Not surprisingly, and despite innumerable benefits, aviculturists continue to find it daunting to explore the principles that explain heredity. Even the word, "genetics" may cause some to inwardly cringe and shudder. Yet, genetic principles are crucial to our understanding, because knowledge of genetics can empower aviculturists with the ability to produce healthier strains of viable breeding stock and future generations of robust species. When correctly bred, breeding lines pass on such set qualities as increased egg production, higher fertility, strong immune systems - and when properly applied - the ability to produce primary and rare color mutations to order. An understanding of simple Mendelian rules and other modes of inheritance need not be complicated, and many models, once understood, are surprisingly simplistic.
Although our first inclination is to apply genetic principles to outward color mutations and patterns in birds, the laws of genetics equally pertain to all the traits inherited in a bird's genotype. When applied correctly, the laws of genetics allow us to produce large, saleable baby birds raised by fertile parental generations who successfully incubate, feed, and wean their own babies, and also allows us to show the most exquisite bird to top perfected show standards. In other words, the principles of heredity affect every inherited trait - both visible and invisible - in a bird's genotype or full genetic makeup.
Many of us learn avian genetics from our own hands-on work "in the field" (i.e., the aviary), and from information gathered and contained in our own studbooks, rather than through formal study. Our budding knowledge and gradual absorption of facts over time contribute to the subtle and seemingly effortless process of learning through osmosis. Admirable. Except that even the most successful aviculturist may not possess the text book knowledge to separate scientific fact from popular misinformation. We pay attention to what is written on the internet, or passed on as good advice by the well meaning, to sometimes discover that what is stated from "experts" may not be as factual as hoped for. The following attempts to address some of the top ten myths that are still perpetuated today in avian genetics so that we can side-step these errors.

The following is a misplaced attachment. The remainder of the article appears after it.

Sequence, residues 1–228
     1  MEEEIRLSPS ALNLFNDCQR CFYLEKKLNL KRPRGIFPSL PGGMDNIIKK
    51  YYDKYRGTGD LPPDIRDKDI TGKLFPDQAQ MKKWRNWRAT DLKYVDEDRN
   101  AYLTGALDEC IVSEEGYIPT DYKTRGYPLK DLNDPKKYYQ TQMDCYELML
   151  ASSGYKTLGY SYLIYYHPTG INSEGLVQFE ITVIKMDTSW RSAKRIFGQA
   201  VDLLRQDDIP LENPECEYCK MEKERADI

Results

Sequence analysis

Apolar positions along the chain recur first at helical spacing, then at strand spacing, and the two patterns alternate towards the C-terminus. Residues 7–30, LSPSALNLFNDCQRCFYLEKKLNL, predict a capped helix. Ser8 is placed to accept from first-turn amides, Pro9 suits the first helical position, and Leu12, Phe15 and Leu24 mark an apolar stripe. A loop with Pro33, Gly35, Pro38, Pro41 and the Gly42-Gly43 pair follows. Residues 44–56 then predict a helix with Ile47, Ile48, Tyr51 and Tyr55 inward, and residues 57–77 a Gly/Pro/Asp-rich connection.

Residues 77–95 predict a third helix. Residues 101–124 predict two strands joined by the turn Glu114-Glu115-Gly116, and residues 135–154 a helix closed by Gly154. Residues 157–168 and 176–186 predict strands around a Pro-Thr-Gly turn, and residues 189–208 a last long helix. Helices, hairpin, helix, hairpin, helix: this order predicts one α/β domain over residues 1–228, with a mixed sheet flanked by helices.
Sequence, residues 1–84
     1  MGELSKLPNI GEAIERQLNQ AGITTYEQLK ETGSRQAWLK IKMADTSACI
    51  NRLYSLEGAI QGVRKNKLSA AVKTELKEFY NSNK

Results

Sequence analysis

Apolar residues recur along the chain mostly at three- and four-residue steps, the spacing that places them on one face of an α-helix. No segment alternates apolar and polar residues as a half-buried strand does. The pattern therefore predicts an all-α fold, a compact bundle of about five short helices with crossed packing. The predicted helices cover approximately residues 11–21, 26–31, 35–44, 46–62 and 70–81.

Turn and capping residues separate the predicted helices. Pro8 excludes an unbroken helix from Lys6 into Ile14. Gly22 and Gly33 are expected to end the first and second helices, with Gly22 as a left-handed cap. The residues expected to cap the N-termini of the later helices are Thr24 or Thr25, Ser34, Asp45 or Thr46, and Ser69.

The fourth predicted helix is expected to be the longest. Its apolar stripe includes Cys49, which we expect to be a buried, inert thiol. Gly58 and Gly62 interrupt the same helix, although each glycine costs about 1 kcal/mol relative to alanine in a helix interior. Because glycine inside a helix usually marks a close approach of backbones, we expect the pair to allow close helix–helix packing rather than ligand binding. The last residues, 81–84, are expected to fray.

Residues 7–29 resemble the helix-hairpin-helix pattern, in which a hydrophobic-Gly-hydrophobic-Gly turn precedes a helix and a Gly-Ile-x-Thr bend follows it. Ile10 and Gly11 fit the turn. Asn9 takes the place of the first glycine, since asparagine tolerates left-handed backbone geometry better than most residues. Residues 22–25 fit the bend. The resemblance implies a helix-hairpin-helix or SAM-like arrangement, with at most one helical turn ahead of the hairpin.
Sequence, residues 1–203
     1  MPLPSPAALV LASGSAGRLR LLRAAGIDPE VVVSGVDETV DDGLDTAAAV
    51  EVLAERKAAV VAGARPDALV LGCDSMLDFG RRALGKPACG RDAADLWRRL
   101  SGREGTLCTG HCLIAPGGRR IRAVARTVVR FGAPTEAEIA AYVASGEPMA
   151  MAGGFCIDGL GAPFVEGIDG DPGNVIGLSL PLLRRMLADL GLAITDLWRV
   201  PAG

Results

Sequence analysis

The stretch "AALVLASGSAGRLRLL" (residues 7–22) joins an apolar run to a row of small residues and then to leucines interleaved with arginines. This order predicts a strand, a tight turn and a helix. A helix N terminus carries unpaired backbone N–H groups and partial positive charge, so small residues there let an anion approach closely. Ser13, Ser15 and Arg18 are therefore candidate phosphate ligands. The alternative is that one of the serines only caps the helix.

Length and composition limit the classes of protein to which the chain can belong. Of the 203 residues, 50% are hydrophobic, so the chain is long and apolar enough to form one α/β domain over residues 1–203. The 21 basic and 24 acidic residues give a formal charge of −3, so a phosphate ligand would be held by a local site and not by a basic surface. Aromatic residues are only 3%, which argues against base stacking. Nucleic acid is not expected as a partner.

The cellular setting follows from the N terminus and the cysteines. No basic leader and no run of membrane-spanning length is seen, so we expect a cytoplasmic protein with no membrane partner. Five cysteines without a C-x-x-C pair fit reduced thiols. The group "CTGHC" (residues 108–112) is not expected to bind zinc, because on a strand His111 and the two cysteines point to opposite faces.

Genetic Myth #1: Mutations are synonymous with hybrids. False!
There is still much confusion around the differences between breeding color mutations within a species, and producing hybrid offspring between two different species.
For clarity, the term "mutation" refers to changes in the outward color or pattern of a bird. So, what are color mutations? Mutations may be caused by a variety of factors, but generally arise in aviculture as a sudden onset of a variation known as a spontaneous mutation which produces a new, anomalous color or pattern that differs from the nominant (wild form) of the species. Some spontaneous, partial mutations - if not fully developed - may require a planned, selective breeding program requiring several generations to achieve the full maturation of the final mutation.
Viable mutations are able to reproduce because the genes - when inherited in the progeny - are either passed on as visuals (homozygous), or carried as splits (heterozygous), depending upon the full genotype of the parental generation.
Producing hybrids, on the other hand, requires mating a bird of one species to a bird of a different species. For example, breeding Red-lored Amazon parrots to Green-cheeked Amazon parrots would result in offspring that are neither 100% genetically Red-loreds (Amazona autumnalis), or 100% Green-cheeked Amazons ( Amazona viridigenalis). Instead, the two different species would produce hybrid offspring that would not be recognized as either species - autumnalis or viridigenalis.
On the other hand, breeding a Red-lored Amazon parrot to a Lutino mutation Redlored Amazon parrot, would produce all Red-lored Amazon parrots. In other words, all resulting offspring - whether nominant (wild colored) Red-lored Amazons, or Lutino mutation Red-lored Amazons, would all be the same species - 100% Red-lored Amazon parrots (Amazona autumnalis).
Therefore, generally speaking, when examining a new color or pattern mutation, we are looking at an example of a color mutation in the nominant wild species. We are not looking at the offspring of dissimilar species, but rather where both parents are the same species. An example of a color mutation would be a Blue Indian Ringneck Parakeet, bred from Indian Ringneck parents. An example of a hybrid would be offspring from dissimilar species, e.g., one Indian Ringneck Parakeet parent and one Alexandrine Ringneck parent.
Although color mutations are encouraged and sought out by many aviculturists, most avicultural organizations frown upon the production of hybrids for an important reason. Producing hybrids and breeding their successive young will dilute the limited gene pool of stock available for the species involved. To continue to do so may affect the future availability of species. Whereas, producing color mutations is simply changing the color and/or pattern of the species outwardly and in no way affects their future establishment in captivity when bred responsibly.
Rubin, Linda, S. 1999. Cockatiels in Color. Current Myths in Avian Genetic Nomenclature. Aves Communications & Promotions, Chestnut Hill, MA.